Black and Bittern was Night
Robert Heidbreder
Kids Can Press
When spooky skul-a-mug-mugs take over a town, grownups cancel trick or treating so it’s up to the tykes to save the night.
Editor’s note: I hated this book. I stumbled over most of the made-up words while reading it to my five-year-old son and finally told him it was a ridiculous book and I wasn’t reading it any more. He didn’t seem to mind stopping and hasn’t asked for it again. Every sentence had made-up words and if I tried, I could figure out the point of the story, but it would be challenge and one I don’t want to bother with.

Circling the Midnght Sun Culture and Change in the Invisible Arctic
James Raffan
Over the course of three years, James Raffan circumnavigated the globe at 66.5 degrees latitude: the full Arctic Circle. Armed with his passion for the north, his interest in diverse cultures and his unquenchable sense of adventure, he set out to put a human face on climate change, meeting and surrounding himself with the different cultures across the circle. What he discovered was by turns shocking, frustrating, entertaining and enlightening. In Circling the Midnight Sun, Raffan presents a warm-hearted, engaging portrait of the circumpolar world, but also a deeply affecting story of societies and landscapes in the throes of enormous change. Compelling and utterly original, this is both an adventure story and a book that will transform the way we think of northerners and the north.

Count Candy Corn
Ruth L. Brugger
Archway Publishing
Editor’s Note: The book itself is beautifully illustrated by Sara Pace. I found the story full of holes. The first page of the book talks about how Maddix is extraordinary because he can count to 100 and the other children can’t count at all. We are told the rest of the story will tell us how it all began. However, Maddix looks old enough to be counting much higher than 100 and the rest of the story didn’t tell me anything about why Maddix is extraordinary. In fact, he doesn’t count to 100 either, just to 10. My five year old, however, loved the story because it was “cute” and asks me to read it again. So now I skip the first page, which I find frustrating and pointless, and several paragraphs within the book to get to the real point of the story – an imagination piece about the Count Candy Corn Bat. And if that is the point of the story, it is a cute book.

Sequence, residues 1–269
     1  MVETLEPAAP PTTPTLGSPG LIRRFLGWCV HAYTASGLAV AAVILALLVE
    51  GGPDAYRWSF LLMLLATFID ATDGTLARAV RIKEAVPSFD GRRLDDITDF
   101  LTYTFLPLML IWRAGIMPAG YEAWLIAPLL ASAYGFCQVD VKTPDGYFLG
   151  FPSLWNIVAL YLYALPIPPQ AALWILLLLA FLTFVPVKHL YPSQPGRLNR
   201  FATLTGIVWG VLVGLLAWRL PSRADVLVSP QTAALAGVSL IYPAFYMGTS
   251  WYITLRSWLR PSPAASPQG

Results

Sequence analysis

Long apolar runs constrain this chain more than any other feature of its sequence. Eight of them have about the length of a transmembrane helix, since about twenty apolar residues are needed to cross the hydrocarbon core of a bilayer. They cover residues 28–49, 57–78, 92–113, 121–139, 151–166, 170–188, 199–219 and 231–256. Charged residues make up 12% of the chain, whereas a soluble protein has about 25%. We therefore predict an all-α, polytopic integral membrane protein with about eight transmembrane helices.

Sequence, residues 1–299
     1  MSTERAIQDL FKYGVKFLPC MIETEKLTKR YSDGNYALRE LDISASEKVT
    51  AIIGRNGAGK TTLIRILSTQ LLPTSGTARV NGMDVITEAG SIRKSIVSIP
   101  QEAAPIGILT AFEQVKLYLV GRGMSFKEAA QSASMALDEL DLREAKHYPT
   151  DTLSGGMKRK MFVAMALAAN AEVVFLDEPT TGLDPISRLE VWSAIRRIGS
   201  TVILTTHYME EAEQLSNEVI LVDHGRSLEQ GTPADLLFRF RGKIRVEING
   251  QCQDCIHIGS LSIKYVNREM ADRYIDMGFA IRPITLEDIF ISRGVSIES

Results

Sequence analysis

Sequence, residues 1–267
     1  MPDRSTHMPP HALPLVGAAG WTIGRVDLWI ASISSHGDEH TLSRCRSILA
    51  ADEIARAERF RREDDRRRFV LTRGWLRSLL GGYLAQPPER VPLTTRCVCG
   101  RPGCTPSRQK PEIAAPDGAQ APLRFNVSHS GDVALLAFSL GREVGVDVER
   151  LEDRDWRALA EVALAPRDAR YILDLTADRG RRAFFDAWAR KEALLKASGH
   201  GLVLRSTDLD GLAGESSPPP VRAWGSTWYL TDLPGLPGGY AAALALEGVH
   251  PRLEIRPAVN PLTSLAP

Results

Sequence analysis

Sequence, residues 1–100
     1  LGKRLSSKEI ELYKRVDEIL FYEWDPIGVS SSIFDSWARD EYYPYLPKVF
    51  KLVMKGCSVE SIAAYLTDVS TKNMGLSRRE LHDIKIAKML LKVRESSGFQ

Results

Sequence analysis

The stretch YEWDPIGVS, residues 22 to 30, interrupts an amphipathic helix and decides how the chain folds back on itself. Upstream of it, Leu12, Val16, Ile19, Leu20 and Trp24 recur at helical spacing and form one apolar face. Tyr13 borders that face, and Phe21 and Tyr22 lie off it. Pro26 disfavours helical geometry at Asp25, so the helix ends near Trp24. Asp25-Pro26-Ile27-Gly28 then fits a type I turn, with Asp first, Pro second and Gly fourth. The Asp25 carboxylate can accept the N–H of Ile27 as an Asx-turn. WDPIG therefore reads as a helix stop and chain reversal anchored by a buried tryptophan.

Counting on Fall, Math in Nature
Lizann Flatt
Editor’s Note: What a fun book. Each page, created by paper art, asks if math matters to animals and plants getting ready for winter. Each page also asks the reader to make an educated guess or to count. An interactive book that kept my five year old interested from start to finish, counting acorns, figuring out which whale is in first or last place and counting monarchs by 10s.

Fall of Night
Jonathan Maberry
St. Martin’s Press, Raincoat Books,
Stebbins Little School is full of bodies. It’s unthinkable to Desdemona Fox. Children are sobbing as panicked teachers and neighbours beat down their family members outside of the school or the things that used to be their family members. Parents don’t eat their children do they? This is the zombie apocalypse. An insane escaped serial killer is infecting Stebbins County with a deadly virus. Fall of Night, Maberry’s nail-biting sequel to Dead of Night, picks up where the first novel left off.